The Conference of Major Superiors of Religious in Ghana has launched a project aimed at reducing the impact of the Novel Coronavirus in Kumasi.
The project was outdoored at a ceremony held at ‘Adom Fie’ in the Catholic Archdiocese of Kumasi on Friday, October 15.
The theme “Religious in Ghana Strengthening Covid19 Response”, is aimed at reducing the impact of the Novel Coronavirus on individuals and families in Ghana.
The move which is sponsored by the Hilton Foundation follows earlier initiatives and the fear expressed by the public around safety, side effect and usefulness of vaccines based on misinformation, lack of trust in government or the scientific establishment or sheer ignorance.
For a period of eight months, the Conference, as part of its pastoral concern and responsibilities will ensure that vaccine reaches and is accepted by everyone especially those on the margins of society who do not have the right to information and that there is an equitable and effective covid distribution with the country.
The project will ensure the following:
Comprehensive Vaccination Education and advocacy in partnership with private and governmental organizations
Advocate for equitable vaccine distribution within the country
Key stakeholders’ engagement to address emerging issues impeding vaccine confidence, access, and uptake.
Consistent and factual communication strategies and campaigns using the Vatican toolkit to combat misinformation and disinformation related to COVID-19.
To ensure accurate information is distributed about lifesaving vaccines.
Distribution of PPE’S to selected Health Centers in Vulnerable communities.
Psychosocial support and training for selected health workers.
Speaking at the October 15 launching ceremony, President of the Conference, Sr. Mercy Boateng opined that the pandemic ignited the spirit of creativity in religious men and women who had to look for ways to help prevent its spread and more destruction.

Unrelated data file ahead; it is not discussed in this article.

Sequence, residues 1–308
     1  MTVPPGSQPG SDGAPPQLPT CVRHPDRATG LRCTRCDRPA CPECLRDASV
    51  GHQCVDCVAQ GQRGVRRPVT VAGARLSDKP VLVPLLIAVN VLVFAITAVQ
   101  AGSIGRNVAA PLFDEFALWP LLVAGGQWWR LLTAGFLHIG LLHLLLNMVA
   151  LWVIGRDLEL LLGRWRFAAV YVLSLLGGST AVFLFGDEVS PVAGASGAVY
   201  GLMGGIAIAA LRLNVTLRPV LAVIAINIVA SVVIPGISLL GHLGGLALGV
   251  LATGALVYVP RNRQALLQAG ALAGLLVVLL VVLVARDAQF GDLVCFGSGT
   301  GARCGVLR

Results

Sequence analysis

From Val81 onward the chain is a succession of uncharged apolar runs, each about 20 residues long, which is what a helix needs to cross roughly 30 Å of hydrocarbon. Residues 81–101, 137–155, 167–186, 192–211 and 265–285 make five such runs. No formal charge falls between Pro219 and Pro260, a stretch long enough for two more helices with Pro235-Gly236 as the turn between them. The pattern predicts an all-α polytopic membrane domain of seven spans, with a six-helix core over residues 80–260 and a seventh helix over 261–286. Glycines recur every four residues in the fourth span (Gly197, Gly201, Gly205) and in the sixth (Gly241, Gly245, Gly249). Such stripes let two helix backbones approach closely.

“Discerning the subtle gem of God’s message behind this global phenomenon, we as religious men and women were forced to pause, rethink, and be more creative in expressing our charisms today in the face of the pandemic,” she said.
She added that “Last year women religious in Ghana who hold a unique position in communities they serve – as trusted, beloved, human-centred and critical providers- collaborated with the Conference of Major Superiors of Religious with financial support from Conrad Hilton Foundation to make various Covid -19 Response Interventions.”
She averred that many consecrated persons went out to distribute food packs to street dwellers especially during the lockdown, gave stipend support to groups who have lost income due to Covid-19, trained healthcare workers in the use of PPE’S and handling of covid patients in selected health sectors, undertook covid prevention education through the distribution of flyers and radio programme as well as distributed PPE’S in selected health centres among other initiatives.
For his part, the Executive Director of the Christian Health Association of Ghana, (CHAG), Dr Peter K. Yeboah noted that religious men and women in Ghana played and continue to play a significant frontline role at case management centres across the country.
“Indeed, of the 40 CHAG Health Facilities repurposed for COVID response actions, the Catholic Church-owned or operated, and continue to manage over 50% of all COVID cases recorded, amidst the continuity of essential routine healthcare services. And most of these designated facilities serving as frontline Case Management Centres were, and being still, handled by Religious Sisters and Brothers,” he said.
The Conference of Major Superiors of Religious, Ghana made up of both men and women leaders of the Catholic Religious Congregations in Ghana was established on August 23, 2013, when Rome recognized the group as a body in the church in Ghana.
The Conference composed of about seventy (70) members of both religious men and women is aimed at promoting deeper collaboration between the leaders of the congregations in Ghana.